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Often, you analyze some transformed version of the data rather than the original data. The logarithmic transformation is probably the most common and is the only transformation discussed in this book. Box and Cox (1964) suggest a family of transformations and a method of using the data to select one of them. This is discussed in the time series context in Box and Jenkins (1976, 1994). Consider the following model:

( )

X 0 1

Y

t t t��

= �� ��

Taking logarithms on both sides, you obtain

( ) ( )

( )

( )

0 1

log Y log log X log

t t t��

= �� + �� +

Now if

( )

log

t t��

�� =

and if

t�� satisfies the standard regression assumptions, the regression of log(Y

produces the best estimates of log(

0

�� ) and log(

1

�� ).

As before, if the data consist of (X1, Y1), (X2, Y2), ..., (X

MODEL LY=X / P CLI;

where

LY=LOG(Y);

is specified in the DATA step. This produces predictions of future LY values and prediction limits for them. If, for example, you obtain an interval −1.13 < log(Y

( )

X 0 1

Y

t t t��

= �� ��

the overall shape of the plot resembles that of

( )

X 0 1

Y = �� ��

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See

1

�� moves away from 1 in either direction; the actual points are scattered

around the appropriate curve. Because the error term �� is multiplied by ( )

X 0 1

�� �� , the variation

around the curve is greater at the higher points and lesser at the lower points on the curve.

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To analyze and forecast the series with simple regression, you first create a data set with future values of time:

DATA TBILLS2; SET TBILLS END=EOF; TIME+1; OUTPUT; IF EOF THEN DO I=1 TO 24; LFYGM3=.; TIME+1; DATE=INTNX('MONTH',DATE,1); OUTPUT; END; DROP I; RUN;

�� and

( )1

log �� in the following model: ( ) ( ) ( )

0 1

LFYGM3 log log *TIME log

t

= �� + �� + ��

You also produce predicted values and check for autocorrelation by using these SAS statements:

PROC REG DATA=TBILLS2; MODEL LFYGM3=TIME / DW P CLI; ID DATE; TITLE 'CITIBASE/CITIBANK ECONOMIC DATABASE'; TITLE2 'REGRESSION WITH TRANSFORMED DATA'; RUN;

The result is shown in

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CITIBASE/CITIBANK ECONOMIC DATABASE

REGRESSION WITH TRANSFORMED DATA Dependent Variable: LFYGM3 Analysis of Variance Sum of Mean Source DF Squares Square F Value Prob>F Model 1 32.68570 32.68570 540.633 0.0001 Error 248 14.99365 0.06046 C Total 249 47.67935 Root MSE 0.24588 R-square 0.6855 Dep Mean 1.74783 Adj R-sq 0.6843 C.V. 14.06788 Parameter Estimates Parameter Standard T for H0: Variable DF Estimate Error Parameter=0 Prob > |T| INTERCEP 1 1.119038 0.03119550 35.872 0.0001 TIME 1 0.005010 0.00021548 23.252 0.0001 REGRESSION WITH TRANSFORMED DATA Dep Var Predict Std Err Lower95% Upper95% Obs DATE LFYGM3 Value Predict Predict Predict Residual 1 JAN62 1.0006 1.1240 0.031 0.6359 1.6122 -0.1234 2 FEB62 1.0043 1.1291 0.031 0.6410 1.6171 -0.1248 3 MAR62 1.0006 1.1341 0.031 0.6460 1.6221 -0.1334 4 APR62 1.0043 1.1391 0.030 0.6511 1.6271 -0.1348 5 MAY62 0.9858 1.1441 0.030 0.6562 1.6320 -0.1583 (More Output Lines) 251 NOV82 . 2.3766 0.031 1.8885 2.8648 . (More Output Lines) 270 JUN84 . 2.4718 0.035 1.9827 2.9609 . 271 JUL84 . 2.4768 0.035 1.9877 2.9660 . 272 AUG84 . 2.4818 0.035 1.9926 2.9711 . 273 SEP84 . 2.4868 0.035 1.9976 2.9761 . 274 OCT84 . 2.4919 0.036 2.0025 2.9812 . Sum of Residuals 0 Sum of Squared Residuals 14.9936 Predicted Resid SS (Press) 15.2134 DURBIN-WATSON D 0.090 (FOR NUMBER OF OBS.) 250 1ST ORDER AUTOCORRELATION 0.951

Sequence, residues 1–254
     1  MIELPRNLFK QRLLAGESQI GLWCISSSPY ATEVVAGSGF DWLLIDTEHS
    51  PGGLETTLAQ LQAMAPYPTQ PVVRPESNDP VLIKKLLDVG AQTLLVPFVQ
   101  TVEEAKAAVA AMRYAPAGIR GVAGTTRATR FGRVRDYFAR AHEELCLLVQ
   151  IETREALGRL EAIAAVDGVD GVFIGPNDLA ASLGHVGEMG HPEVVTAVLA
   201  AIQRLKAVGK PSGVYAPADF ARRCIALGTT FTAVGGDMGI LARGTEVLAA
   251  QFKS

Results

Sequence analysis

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Now, for example, you compute:

( ) ( ) ( ) ( ) ( )

0

1.119 1.96 0.0312 log 1.119 1.96 0.0312

− < �� < +

Thus,

0

2.880 3.255

< �� <

is a 95% confidence interval for 0 �� . Similarly, you obtain

1

1.0046 1.0054

<�� <

which is a 95% confidence interval for 1 �� . The growth rate of Treasury bills is estimated from this model to be between 0.46% and 0.54% per time period. Your forecast for November 1982 can be obtained from 1.888 < 2.377 < 2.865 so that 6.61 < FYGM3251 < 17.55 is a 95% prediction interval for the November 1982 yield and exp(2.377) = 10.77 is the predicted value. Because the distribution on the original levels is highly skewed, the prediction 10.77 does not lie midway between 6.61 and 17.55, nor would you want it to do so. Note that the Durbin-Watson statistic is

=��

to compute

( )

1/ 2 1/ 2 2

ˆ ˆ n / 1

�� − ��

= 48.63 which is greater than 1.645. At the 5% level, you can conclude that positive autocorrelation is present (or that your model is misspecified in some other way). This is also evident in the plot, in

2 x

�� . Then y = exp(x) and y has

median exp(Mx) and mean exp(Mx+ ½ 2

x

�� ) For this reason, some authors suggest adding half the

error variances to a log scale forecast prior to exponentiation. We prefer to simply exponentiate and think of the result, for example, exp(2.377) = 10.77, as an estimate of the median, reasoning that this is a more credible central estimate for such a highly skewed distribution.